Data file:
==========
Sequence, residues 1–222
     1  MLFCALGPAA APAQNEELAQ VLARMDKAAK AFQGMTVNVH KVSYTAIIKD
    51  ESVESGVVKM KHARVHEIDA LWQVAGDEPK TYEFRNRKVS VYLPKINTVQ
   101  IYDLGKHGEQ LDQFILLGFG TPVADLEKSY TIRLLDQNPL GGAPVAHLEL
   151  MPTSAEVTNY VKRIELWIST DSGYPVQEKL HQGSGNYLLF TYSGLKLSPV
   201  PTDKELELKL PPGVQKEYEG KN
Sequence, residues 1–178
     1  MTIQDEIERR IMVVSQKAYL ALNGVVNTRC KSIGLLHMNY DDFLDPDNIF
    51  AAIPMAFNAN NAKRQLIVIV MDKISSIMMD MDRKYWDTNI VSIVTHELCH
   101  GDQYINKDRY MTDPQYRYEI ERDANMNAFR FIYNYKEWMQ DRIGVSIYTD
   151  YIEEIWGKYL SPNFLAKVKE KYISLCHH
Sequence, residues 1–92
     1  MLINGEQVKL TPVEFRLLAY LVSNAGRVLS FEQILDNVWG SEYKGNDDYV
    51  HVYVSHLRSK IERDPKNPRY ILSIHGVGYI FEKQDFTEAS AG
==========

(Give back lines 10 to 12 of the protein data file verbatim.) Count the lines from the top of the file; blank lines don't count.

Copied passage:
   101  GDQYINKDRY MTDPQYRYEI ERDANMNAFR FIYNYKEWMQ DRIGVSIYTD
   151  YIEEIWGKYL SPNFLAKVKE KYISLCHH
Sequence, residues 1–92